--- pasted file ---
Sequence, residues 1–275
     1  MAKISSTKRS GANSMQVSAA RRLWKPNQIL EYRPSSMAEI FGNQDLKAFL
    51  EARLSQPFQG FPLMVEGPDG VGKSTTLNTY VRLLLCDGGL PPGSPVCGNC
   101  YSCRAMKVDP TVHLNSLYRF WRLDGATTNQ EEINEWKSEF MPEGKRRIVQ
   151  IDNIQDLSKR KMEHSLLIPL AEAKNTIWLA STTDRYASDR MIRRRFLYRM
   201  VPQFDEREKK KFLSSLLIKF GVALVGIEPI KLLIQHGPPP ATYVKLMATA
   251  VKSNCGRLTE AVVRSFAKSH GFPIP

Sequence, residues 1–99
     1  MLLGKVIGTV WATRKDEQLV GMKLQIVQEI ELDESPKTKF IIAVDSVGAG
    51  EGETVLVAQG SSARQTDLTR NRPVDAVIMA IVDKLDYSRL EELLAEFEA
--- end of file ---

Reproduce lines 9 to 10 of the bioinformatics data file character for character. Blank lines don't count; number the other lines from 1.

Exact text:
     1  MLLGKVIGTV WATRKDEQLV GMKLQIVQEI ELDESPKTKF IIAVDSVGAG
    51  EGETVLVAQG SSARQTDLTR NRPVDAVIMA IVDKLDYSRL EELLAEFEA